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From "Sam Halliday (JIRA)" <j...@apache.org>
Subject [jira] [Commented] (LEGAL-192) Why is LGPL not allowed
Date Thu, 20 Feb 2014 23:41:20 GMT

    [ https://issues.apache.org/jira/browse/LEGAL-192?page=com.atlassian.jira.plugin.system.issuetabpanels:comment-tabpanel&focusedCommentId=13907712#comment-13907712
] 

Sam Halliday commented on LEGAL-192:
------------------------------------

Ok, so your primary objection with the LGPL is that it does not permit sub licensing? Is there
anything else that Apache would like the FSF to respond to?

v3 has very different wording, and in fact only references sub licensing in section 2 of the
GPL, noting that section 10 grants an automatic license (and hence there is no need to sublicense).

I do not see why Apache or it's users require the ability to create a sublicense when the
LGPL already grants a license to any user or recipient of that software.

Is there an example of such a sub license, and why can't the sublicense simply be an aggregation
of the licenses of all the components? Surely the FSF only mean to stop sub licensing that
may restrict the rights of the developers of the library.

> Why is LGPL not allowed
> -----------------------
>
>                 Key: LEGAL-192
>                 URL: https://issues.apache.org/jira/browse/LEGAL-192
>             Project: Legal Discuss
>          Issue Type: Question
>            Reporter: Sam Halliday
>
> According to http://www.apache.org/legal/resolved.html the LGPL is not allowed because
>   "The LGPL is ineligible primarily due to the restrictions it places on larger works,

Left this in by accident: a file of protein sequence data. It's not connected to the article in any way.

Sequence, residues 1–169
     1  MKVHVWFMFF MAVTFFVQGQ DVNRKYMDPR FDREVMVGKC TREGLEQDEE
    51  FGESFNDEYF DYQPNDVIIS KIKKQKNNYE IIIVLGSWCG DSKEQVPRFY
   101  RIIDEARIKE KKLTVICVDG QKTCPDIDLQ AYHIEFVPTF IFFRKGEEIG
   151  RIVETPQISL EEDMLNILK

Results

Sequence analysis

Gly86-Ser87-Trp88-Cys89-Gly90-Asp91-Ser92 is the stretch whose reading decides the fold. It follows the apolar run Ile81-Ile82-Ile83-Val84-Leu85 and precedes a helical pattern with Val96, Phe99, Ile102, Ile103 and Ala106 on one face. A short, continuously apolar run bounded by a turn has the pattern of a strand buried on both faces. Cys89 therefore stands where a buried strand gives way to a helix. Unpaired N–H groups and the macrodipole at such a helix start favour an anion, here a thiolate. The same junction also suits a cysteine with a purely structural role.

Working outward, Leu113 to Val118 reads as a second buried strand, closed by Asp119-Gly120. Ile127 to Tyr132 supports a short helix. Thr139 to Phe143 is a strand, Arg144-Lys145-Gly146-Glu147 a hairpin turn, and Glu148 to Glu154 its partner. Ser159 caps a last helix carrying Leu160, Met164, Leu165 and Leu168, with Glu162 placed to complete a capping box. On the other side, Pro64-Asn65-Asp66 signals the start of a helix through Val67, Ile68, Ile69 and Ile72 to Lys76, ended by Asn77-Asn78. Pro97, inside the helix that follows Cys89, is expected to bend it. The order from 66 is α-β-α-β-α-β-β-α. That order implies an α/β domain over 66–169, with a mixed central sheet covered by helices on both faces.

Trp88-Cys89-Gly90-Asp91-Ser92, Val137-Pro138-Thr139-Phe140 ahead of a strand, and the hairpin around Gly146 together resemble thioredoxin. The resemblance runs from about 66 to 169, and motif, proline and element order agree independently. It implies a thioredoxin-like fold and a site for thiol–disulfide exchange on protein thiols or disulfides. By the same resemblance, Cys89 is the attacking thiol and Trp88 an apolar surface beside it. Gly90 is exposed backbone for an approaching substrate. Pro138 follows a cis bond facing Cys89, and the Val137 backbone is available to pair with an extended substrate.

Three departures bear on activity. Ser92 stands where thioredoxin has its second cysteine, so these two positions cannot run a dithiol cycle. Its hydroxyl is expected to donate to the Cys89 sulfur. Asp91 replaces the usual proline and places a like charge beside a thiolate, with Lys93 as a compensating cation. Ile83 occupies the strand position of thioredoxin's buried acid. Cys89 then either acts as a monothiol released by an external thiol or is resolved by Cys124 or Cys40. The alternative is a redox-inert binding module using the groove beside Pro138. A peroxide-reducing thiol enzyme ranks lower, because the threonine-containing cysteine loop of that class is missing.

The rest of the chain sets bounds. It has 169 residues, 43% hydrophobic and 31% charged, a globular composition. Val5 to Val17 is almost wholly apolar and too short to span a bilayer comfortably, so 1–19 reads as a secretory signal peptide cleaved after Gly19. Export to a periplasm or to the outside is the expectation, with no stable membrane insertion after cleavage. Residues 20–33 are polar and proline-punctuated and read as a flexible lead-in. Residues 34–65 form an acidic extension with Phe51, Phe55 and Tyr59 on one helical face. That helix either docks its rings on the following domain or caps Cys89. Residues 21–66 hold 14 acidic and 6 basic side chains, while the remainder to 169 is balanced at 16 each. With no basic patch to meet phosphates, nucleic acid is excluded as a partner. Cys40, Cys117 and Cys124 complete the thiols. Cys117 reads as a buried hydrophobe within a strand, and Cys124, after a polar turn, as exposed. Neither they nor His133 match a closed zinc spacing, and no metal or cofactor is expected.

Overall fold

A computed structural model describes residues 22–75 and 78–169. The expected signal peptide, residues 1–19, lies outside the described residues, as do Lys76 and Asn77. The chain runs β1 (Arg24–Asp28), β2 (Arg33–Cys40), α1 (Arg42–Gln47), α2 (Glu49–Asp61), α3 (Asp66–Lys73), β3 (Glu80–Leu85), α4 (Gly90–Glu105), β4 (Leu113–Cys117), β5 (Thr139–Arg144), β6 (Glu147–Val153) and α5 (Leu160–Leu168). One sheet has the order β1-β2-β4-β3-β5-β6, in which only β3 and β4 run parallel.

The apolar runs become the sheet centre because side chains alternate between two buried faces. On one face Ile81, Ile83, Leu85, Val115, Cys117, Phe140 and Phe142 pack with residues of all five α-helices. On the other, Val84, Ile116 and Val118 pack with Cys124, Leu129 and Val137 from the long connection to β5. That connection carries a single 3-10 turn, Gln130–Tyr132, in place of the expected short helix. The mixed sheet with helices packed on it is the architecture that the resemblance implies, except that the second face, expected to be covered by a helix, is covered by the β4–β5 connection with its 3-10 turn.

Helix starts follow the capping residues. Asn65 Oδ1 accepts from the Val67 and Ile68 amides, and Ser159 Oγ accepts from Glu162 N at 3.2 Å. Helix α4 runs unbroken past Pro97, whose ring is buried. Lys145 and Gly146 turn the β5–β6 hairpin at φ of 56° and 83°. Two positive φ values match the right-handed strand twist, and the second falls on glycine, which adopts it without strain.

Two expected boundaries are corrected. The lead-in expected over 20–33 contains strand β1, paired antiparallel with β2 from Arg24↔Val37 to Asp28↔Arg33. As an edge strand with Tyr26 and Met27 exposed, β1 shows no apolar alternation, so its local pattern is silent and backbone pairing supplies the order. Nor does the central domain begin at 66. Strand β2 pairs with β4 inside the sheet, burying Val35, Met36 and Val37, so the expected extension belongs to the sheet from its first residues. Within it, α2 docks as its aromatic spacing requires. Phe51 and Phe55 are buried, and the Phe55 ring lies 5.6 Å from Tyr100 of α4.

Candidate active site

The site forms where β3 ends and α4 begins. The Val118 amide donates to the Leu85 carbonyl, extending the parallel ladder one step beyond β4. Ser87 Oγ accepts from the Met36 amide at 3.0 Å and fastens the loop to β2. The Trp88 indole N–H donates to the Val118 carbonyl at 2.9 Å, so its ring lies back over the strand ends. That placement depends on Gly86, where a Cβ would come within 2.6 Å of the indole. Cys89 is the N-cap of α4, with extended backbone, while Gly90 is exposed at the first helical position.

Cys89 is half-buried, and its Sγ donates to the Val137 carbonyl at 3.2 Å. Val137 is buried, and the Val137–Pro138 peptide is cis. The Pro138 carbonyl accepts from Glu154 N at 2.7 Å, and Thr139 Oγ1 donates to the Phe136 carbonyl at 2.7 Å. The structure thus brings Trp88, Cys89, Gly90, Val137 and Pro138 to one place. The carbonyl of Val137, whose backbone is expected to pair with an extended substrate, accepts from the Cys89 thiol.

violating the third license criterion. Therefore, LGPL-licensed works must not be included
in Apache products."
> where part three is
>   "The license must not place restrictions on the distribution of larger works, other
than to require that the covered component still complies with the conditions of its license."
> But I see no conflict here with regard to distribution. The license clearly states that
software which uses LGPL software can be distributed under whatever license the developer
wishes:
>   http://www.gnu.org/licenses/lgpl-2.1.html
> The LGPL does, however, require that any changes to the LGPL component is released as
LGPL (including source code).
> I have an LGPL library and there is a desire to see it included in an Apache project.
Since my project places no constraint on the distribution of the larger work, I do not see
why I should have to change the license in order to comply with these rules.
> If I was using the GPL, I would see your point. But this is the LGPL and it appears to
meet your objectives.



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